“Snow Day” by Janet Reed

This new dog lifts one cold paw
into the glove of her warm belly,

eyes asking why abandon
a blanket of down for one of snow.

I tug her leash and pull on
past the school and church

in line with a wedge of geese
honking I-told-you-sos overhead,

their taunts like those I remember
after bent-arm hangs and volleyball,

pecking order lines at gym mirrors,
high-school beauties with blue eye shadows

and sharp tongues holding forth
on the faces behind them,

a Simon Says of trash talk,
one girl forward, another back.

I cared too much once, not wanting
to be the lone goose on the back row.

Those dance queens, like me,
must think about those long-ago days,

before wrinkles creased our eyes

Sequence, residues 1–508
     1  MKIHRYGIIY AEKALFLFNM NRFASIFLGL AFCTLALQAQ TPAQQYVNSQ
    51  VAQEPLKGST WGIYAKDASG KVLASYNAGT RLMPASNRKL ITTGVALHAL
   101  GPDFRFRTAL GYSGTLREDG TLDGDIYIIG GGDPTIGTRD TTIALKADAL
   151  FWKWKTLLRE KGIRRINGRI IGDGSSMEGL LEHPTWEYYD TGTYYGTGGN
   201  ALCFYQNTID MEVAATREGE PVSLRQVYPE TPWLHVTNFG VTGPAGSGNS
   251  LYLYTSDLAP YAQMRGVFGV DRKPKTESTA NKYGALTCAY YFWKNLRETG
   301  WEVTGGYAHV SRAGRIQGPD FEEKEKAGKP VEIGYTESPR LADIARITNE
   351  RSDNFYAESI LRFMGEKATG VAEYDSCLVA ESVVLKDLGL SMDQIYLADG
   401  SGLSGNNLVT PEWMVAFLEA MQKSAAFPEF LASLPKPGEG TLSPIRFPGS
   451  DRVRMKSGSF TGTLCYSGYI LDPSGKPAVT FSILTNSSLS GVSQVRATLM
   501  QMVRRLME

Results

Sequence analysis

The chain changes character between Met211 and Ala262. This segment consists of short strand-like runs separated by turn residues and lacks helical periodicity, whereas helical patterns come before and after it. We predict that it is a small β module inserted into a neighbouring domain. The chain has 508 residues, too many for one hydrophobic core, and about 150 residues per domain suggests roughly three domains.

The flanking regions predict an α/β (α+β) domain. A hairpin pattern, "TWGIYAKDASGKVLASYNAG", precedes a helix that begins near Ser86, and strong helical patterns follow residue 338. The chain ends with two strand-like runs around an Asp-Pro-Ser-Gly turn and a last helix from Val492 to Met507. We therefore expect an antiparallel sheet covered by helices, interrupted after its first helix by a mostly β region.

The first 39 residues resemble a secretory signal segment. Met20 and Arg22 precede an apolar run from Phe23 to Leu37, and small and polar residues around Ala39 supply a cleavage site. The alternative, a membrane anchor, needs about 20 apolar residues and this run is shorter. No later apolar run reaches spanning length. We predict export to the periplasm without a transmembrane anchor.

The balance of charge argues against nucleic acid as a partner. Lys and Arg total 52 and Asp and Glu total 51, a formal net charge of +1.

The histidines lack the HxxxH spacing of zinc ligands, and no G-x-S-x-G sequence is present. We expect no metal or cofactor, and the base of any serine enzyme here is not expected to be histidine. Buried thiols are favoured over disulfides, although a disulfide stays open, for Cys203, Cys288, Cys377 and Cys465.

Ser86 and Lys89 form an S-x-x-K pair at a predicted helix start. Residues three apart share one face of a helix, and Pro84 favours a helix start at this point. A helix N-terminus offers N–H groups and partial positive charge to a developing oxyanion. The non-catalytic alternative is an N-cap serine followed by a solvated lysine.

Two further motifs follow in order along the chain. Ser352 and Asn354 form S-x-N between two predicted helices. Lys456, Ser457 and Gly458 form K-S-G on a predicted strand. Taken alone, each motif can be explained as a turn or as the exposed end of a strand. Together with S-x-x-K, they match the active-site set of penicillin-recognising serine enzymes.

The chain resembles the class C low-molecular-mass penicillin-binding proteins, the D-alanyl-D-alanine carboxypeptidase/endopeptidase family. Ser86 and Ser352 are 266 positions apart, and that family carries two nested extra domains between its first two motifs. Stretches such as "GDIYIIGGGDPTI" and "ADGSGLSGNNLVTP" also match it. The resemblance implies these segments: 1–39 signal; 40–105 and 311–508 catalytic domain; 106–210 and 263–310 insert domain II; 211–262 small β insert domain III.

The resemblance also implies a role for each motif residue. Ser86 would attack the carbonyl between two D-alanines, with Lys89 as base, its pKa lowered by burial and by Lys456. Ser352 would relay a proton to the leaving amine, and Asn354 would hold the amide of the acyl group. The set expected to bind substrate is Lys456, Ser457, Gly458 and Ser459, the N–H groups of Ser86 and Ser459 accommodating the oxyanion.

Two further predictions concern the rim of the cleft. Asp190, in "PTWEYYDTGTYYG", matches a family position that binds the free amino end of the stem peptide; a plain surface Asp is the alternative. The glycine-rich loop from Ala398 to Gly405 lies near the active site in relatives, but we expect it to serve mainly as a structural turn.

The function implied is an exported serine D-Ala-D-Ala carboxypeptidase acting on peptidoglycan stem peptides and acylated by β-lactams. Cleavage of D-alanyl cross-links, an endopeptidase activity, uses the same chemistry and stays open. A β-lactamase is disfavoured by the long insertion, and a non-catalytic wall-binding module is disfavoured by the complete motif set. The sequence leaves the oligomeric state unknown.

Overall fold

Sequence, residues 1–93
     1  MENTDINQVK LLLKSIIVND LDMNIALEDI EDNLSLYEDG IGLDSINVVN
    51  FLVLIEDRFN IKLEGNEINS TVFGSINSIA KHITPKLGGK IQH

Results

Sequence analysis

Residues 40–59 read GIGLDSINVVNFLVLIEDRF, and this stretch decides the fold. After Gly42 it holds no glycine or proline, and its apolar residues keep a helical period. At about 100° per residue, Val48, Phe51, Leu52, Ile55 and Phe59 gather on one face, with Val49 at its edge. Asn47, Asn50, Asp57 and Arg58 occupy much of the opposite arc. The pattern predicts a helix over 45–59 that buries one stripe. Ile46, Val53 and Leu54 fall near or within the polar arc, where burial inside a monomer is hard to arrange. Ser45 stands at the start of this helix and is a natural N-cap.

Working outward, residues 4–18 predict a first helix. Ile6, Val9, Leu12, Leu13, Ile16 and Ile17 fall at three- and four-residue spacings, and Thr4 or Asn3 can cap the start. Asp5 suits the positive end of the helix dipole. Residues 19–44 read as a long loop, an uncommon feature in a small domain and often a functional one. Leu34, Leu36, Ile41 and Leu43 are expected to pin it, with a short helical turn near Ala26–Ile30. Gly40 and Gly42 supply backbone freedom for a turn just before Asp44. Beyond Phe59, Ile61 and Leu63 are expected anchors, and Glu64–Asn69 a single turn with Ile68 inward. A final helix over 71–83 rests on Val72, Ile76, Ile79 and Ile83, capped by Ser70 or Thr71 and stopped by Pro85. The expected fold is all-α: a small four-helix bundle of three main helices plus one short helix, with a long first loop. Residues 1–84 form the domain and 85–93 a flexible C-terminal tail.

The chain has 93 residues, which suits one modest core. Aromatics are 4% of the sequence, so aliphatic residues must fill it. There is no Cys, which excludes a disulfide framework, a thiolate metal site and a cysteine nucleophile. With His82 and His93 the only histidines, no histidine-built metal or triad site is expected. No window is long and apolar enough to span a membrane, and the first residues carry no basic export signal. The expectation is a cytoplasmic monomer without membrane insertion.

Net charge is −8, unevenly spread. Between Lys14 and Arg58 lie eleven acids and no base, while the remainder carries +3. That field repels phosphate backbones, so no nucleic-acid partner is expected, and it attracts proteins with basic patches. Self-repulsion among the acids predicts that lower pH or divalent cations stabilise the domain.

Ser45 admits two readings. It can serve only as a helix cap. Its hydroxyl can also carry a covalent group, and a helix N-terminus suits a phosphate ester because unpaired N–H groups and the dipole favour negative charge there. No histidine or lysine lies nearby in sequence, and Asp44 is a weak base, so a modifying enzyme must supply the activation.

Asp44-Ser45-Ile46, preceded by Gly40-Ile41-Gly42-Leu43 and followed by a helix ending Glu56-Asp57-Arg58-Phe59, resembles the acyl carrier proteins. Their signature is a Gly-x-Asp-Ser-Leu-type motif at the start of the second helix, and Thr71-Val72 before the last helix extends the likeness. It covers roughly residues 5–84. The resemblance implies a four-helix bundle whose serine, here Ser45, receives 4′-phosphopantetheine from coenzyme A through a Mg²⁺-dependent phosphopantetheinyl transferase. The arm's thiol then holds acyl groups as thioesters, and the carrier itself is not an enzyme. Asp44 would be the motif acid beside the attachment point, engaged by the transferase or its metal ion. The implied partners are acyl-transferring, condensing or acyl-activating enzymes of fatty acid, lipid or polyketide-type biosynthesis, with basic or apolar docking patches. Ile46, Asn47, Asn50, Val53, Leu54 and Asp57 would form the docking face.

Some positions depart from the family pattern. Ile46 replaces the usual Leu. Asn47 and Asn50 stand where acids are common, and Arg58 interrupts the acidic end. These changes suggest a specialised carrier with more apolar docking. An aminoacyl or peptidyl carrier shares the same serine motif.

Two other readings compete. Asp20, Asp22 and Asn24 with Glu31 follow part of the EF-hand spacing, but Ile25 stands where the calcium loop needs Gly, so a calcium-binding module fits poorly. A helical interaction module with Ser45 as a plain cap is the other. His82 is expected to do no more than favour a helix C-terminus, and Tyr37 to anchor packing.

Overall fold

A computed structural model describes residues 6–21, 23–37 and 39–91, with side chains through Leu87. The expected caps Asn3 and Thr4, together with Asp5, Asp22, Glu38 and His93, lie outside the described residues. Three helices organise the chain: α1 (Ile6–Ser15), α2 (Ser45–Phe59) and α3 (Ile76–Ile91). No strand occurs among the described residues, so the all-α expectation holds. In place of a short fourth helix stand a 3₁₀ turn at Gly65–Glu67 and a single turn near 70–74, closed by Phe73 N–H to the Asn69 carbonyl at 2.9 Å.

before nipples perky in vanity bras

drooped in the folds of our nightgowns;
youth and beauty double-crossed us all.

We lucky ones lived to suffer our losses.
We have what we made of things.

I have this wind sharp against my cheek,
the joy of found time in a snow day,

the love of this dog that trusts me
to lead her on until she understands.

Janet Reed teaches writing and literature for Crowder College in Missouri.  She is a Prius-driving, Birkenstock-wearing, tree-hugging flower child whose poems reflect conversations she has with voices in her head.  She is a 2016 Pushcart Prize nominee. Her work has been published and is forthcoming in multiple journals, and she is currently at work on her first chapbook.


One thought on ““Snow Day” by Janet Reed

  1. Pingback: First Digest of 2018 and OPEN SUBMISSIONS | Zingara Poetry Review

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